Interviews compiled by Paige Sharpe, Community Health student at the University of Central Oklahoma (2011)
On October 30, 1889, the “House introduced a bill creating a Territorial Board of Health and regulating the practice of medicine…The Superintendent was the only one who received a salary for his work. The President received a salary as Superintendent of Public Instruction, the Vice-President received five cents per mile to attend meetings…and was paid an annual salary of $500” (Mathews, History of The Oklahoma State Department of Health).
OPHA was founded in 1939 and to this day remains as the “only entity in Oklahoma that brings public health professionals all together…” The president for the 1939-1940 year was Hugh Payne (OPHA Business Plan, 2011). Public health was implemented in Oklahoma before Oklahoma was even considered a state. Irma Jean Eufinger (2011) explained that her grandfather (George David Lowery), an 1889 medical school graduate, worked in the Oklahoma panhandle as a physician with a great interest in public health. Due to unsanitary conditions of water drinking buckets, Dr. George Lowery appointed himself the public health official in Guymon, Oklahoma.
Jimmie Ewing (2011), a public health nurse, who joined OPHA in 1959, reported that “OPHA provided leadership when the people of Oklahoma voted to change the constitution whereby each county could vote a mills levy up to 2.5 mills for operation of the county health departments.” The 2.5 mill increase brought stabilized funding to the county health departments (Ewing, 2011).
Jay Smith, Administrator for the Logan County Health Department, joined OPHA in 1965. During his time with OPHA Jay has represented OPHA as the 1971 President , as a Counselor for 8 years, and as the Historian for 7 years. Jay explained that he and many others were involved with the second revisions of the OPHA handbook. He and other members were also involved in the no-smoking rules, as a lot of members were smokers (Smith, 2011).
Irma Jean Eufinger, public health nurse with the Oklahoma City County Health Department, joined OPHA in 1966. She educated many families and maintained a focus on public health. Irma Jean also worked with tuberculosis programs in the 70’s. She explained that increased funding for these programs led to a decrease in tuberculosis patients. Irma Jean also stated that being a member of OPHA “makes it possible to know that you are following public health standards and know the updated and current standards of practice” (Eufinger, 2011).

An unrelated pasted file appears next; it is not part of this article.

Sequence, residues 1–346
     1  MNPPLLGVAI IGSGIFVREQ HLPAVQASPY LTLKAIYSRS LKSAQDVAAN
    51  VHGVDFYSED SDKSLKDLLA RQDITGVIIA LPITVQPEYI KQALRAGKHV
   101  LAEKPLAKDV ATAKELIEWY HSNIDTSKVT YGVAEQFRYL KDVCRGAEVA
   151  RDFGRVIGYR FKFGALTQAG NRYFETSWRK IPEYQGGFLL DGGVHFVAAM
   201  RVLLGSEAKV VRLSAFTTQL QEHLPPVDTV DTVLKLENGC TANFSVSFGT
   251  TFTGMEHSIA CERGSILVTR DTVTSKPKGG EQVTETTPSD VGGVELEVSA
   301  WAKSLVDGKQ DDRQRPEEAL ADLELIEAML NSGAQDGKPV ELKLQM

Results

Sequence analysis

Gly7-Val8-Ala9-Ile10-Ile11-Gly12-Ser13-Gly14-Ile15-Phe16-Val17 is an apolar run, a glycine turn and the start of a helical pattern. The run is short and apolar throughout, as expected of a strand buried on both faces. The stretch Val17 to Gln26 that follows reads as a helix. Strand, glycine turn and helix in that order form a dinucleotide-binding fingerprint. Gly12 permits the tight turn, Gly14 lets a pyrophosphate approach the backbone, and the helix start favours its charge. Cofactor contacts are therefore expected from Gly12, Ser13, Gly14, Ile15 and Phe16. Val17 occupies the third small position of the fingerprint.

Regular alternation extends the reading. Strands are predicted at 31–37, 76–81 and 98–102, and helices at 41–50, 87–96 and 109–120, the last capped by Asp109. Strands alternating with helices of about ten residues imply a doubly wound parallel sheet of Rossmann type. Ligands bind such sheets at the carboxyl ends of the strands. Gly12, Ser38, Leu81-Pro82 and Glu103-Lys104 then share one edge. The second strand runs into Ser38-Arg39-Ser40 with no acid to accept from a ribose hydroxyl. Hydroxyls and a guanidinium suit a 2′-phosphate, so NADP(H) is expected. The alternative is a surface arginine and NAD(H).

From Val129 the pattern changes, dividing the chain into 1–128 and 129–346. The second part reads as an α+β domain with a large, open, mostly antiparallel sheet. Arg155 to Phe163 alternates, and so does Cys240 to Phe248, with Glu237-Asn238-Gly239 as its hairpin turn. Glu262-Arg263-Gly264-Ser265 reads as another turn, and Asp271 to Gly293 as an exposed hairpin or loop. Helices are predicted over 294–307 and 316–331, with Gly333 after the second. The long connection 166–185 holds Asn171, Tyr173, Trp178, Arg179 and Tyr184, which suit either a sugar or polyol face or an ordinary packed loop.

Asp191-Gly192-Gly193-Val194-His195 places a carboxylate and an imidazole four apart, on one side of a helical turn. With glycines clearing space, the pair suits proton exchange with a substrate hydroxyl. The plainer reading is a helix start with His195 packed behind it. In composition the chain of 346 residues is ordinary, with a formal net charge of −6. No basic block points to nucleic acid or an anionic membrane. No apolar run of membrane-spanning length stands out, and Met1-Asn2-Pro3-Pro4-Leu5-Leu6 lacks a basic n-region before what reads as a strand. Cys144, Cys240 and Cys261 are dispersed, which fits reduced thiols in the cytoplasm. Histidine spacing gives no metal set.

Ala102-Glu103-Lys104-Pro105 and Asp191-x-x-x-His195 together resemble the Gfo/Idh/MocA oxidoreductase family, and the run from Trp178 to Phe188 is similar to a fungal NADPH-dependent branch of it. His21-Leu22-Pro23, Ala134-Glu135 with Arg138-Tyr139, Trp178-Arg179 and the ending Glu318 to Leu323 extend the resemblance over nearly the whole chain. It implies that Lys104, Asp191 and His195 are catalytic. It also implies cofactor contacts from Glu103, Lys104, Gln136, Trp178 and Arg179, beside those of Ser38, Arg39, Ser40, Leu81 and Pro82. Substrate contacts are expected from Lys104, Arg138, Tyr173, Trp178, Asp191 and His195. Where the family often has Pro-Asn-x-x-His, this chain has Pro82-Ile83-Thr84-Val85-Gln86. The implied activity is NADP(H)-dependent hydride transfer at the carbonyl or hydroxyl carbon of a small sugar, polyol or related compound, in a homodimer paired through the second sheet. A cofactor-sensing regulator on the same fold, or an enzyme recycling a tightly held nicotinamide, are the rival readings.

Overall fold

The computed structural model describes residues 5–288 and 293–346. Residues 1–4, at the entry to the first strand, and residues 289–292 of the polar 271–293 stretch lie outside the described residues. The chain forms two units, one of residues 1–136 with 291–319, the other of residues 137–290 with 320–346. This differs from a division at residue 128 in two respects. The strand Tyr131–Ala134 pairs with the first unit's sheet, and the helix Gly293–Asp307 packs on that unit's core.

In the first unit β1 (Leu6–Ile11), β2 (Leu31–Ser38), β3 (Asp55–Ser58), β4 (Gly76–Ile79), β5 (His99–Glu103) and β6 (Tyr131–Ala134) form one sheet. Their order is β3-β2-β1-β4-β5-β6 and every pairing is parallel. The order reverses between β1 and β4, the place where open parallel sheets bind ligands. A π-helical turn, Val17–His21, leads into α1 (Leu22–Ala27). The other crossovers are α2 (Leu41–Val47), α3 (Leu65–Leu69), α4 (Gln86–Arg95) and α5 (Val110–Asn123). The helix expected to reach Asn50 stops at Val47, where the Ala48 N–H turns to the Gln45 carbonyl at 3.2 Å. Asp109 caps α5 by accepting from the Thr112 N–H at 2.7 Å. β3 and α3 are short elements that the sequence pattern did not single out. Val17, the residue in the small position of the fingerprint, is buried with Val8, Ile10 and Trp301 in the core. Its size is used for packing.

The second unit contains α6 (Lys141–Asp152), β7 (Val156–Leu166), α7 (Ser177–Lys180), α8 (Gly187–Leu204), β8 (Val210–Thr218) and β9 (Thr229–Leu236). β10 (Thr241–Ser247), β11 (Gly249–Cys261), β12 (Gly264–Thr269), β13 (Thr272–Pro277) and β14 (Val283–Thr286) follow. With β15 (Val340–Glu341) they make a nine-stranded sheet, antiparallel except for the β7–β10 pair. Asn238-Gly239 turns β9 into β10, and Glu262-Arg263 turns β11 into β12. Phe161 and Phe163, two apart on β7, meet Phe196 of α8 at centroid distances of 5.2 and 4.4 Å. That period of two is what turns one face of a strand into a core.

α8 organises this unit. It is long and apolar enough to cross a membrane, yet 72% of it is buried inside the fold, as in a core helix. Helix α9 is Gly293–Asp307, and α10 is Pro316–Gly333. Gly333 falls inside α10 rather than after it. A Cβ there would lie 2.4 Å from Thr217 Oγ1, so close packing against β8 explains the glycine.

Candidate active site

Helen Gretz came to Oklahoma from Washington DC in 1972 and joined OPHA in 1973. Helen began her career as a tuberculosis nurse and worked with the Oklahoma State Department of Health in the TB Division up until her retirement in 2005. During her time with OPHA, Helen served as OPHA Secretary, Councilor and Awards Chair, Nursing Section Chair, Vice-Chair, Awards Chair, Nominating and Resolutions Chair, and a member of the Resolution as well as membership with awards committees. Helen (2011) shared an important event that took place in the early 70’s. She explained that at an “annual OPHA business meeting, [she] raised the question of allocating a portion of a member’s dues to the section they were joining.” Helen continued to explain that it was an “incentive to recruit new members and it provided additional monies for the section education programs.” Helen reported, “being a member of the nursing section strengthened [her] relationships with the county health department nurses and district nursing supervisors, especially when [she] visited the various county health departments.”
Many people within the organization of OPHA have worked hard to make changes for the betterment of the public. Being an OPHA member can strengthen ties between organizations and bring everyone together to serve the community. All of us can do great things to influence public health just as Irma Jean Eufinger, Jay Smith, Jimmie Ewing, Helen Gretz, and many other great public health leaders have before. Although public health began with fighting diseases that we now see as preventable, it is because of these early discoveries and concerns of the early physicians and public health workers that we know so much today and can focus on prevention.